The rains have failed for five seasons in many of Northern Kenya’s arid and semi-arid areas. The Adadijole Women’s Group in Wajir County came together to farm, sell their produce, and earn a living for their families, but the unprecedented drought suppressed their plans. The group had subdivided their 2.8-acre land into 18 20-by-30-meter plots, enabling each member to till a section of land that is partly clay and partly loamy for cultivation. However, they needed water and favorable planting conditions.

In 2021, the Feed the Future Kenya Livestock Market Systems Activity (LMS), funded by USAID, worked closely with the county government and a local group known as the Bute Ward Planning Committee to revive the hopes of the farmers through investment. Given the hot temperatures in Wajir County, which can reach as high as 36 degrees Celsius, the group required an adaptable environment to grow their crops. LMS supported the group to invest in twin greenhouses. This way, the group controlled the plants’ exposure of temperature and humidity throughout the year.

LMS also desilted a nearby water pan, removing the accumulated soil particles and increasing its volume. LMS then connected the water pan to a 10,000-liter water tank using pipes and a solar-powered pumping system. LMS further lined the water pan to eliminate the chances of water seepage. As a result, the group could draw water from two water pans – the desilted one and another one owned by the community. Lastly, using water from the tank, LMS established a modern drip irrigation system covering the entire farm, including the greenhouse and open fields.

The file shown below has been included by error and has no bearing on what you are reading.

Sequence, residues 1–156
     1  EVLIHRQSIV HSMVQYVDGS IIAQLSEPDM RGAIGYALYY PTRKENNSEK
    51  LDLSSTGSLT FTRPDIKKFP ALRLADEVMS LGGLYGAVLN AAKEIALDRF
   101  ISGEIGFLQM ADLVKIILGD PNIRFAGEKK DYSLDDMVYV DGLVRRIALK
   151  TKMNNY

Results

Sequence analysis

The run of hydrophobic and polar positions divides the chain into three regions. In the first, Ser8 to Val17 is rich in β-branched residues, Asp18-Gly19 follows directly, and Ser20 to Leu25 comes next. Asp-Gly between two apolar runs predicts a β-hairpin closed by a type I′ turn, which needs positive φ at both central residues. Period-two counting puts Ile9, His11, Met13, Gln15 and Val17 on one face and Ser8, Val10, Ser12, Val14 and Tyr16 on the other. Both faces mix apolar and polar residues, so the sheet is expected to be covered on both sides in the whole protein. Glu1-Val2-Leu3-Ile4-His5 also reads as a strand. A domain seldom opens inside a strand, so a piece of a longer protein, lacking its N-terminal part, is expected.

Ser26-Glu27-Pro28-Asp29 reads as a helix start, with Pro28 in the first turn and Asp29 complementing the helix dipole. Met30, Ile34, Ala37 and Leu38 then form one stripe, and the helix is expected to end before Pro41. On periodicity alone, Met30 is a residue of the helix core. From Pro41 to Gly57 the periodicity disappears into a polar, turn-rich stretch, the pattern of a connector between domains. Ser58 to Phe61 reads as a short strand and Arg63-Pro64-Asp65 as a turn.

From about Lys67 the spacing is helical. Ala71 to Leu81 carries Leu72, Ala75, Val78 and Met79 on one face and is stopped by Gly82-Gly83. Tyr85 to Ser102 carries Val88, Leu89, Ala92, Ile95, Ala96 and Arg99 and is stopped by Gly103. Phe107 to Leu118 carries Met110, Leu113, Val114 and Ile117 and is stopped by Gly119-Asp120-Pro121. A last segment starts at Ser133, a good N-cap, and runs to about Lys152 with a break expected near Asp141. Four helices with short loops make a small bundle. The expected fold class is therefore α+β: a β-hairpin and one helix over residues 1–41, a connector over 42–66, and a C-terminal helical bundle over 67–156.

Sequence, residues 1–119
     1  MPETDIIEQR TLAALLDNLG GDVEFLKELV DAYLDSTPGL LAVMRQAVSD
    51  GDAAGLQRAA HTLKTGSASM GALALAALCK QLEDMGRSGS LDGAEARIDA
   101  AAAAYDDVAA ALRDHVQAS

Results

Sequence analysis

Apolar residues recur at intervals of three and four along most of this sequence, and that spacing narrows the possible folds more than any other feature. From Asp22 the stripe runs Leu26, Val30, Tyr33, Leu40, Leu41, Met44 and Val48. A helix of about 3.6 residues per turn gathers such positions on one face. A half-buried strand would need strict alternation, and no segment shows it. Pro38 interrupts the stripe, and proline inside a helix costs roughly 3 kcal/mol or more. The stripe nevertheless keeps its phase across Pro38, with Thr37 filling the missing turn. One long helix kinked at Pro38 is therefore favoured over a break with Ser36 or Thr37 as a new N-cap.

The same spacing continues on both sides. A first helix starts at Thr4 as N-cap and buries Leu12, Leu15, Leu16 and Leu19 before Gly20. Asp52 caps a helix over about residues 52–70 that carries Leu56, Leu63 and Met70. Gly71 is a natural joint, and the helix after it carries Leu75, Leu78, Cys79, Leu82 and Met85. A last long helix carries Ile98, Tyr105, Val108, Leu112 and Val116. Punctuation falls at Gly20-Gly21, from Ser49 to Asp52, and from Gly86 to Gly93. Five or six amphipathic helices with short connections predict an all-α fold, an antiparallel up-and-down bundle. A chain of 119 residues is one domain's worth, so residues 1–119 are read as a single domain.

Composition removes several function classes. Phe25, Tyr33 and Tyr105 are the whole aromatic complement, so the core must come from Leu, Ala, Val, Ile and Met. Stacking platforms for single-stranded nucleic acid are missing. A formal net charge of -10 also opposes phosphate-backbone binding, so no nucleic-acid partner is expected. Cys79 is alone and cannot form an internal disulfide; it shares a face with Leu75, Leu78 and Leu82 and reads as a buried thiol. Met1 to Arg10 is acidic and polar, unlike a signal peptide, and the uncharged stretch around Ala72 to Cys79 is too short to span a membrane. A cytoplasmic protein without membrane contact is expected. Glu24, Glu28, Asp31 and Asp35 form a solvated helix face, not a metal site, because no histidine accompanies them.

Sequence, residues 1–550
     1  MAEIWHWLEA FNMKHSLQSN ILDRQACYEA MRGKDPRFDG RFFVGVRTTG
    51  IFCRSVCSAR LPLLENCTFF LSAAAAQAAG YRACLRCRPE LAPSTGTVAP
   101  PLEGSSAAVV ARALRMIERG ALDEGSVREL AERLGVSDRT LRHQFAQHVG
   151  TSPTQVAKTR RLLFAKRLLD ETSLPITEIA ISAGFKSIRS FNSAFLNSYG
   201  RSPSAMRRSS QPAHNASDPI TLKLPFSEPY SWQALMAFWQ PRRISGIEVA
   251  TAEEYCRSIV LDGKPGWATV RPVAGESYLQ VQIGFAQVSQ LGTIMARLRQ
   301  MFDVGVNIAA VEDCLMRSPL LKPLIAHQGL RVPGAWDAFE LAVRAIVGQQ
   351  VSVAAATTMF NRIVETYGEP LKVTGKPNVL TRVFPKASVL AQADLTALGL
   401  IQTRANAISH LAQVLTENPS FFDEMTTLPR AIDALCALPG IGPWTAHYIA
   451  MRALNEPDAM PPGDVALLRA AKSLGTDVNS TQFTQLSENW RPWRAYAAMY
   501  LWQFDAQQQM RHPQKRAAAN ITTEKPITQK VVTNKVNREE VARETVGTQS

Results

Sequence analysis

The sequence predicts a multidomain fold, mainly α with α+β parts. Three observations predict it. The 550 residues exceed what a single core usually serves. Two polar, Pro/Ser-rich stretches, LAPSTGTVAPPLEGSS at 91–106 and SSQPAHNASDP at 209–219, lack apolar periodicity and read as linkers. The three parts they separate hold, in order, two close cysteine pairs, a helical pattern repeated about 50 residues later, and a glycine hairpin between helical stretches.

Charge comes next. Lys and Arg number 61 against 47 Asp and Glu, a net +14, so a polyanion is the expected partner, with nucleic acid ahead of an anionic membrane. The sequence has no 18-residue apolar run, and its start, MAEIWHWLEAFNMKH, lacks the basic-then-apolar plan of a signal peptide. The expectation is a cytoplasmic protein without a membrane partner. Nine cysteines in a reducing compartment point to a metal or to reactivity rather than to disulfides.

The results were outstanding. The division of the open field farm into plots enabled the group to plant diverse crops, such as tomatoes, onions, carrots, indigenous vegetables, and watermelons. Because they could plant these crops during different seasons, they improved disease management through crop rotation. Access to two water pans provided the group with options for drawing water throughout the year. With a solar-powered system, the operating and maintenance costs became minimal, giving the group a financial advantage and allowing them to divert revenue to expand the system. In December 2022, the group made its first harvest worth $300 since the installation of the greenhouse. They sold the product to retailers in the nearby Bute and Adadijole towns. The group plans to install fences to deter wild animals from destroying their crops and to increase water storage capacity.

Learn more about our Kenya LMS Activity here

Learn more about our work in Kenya here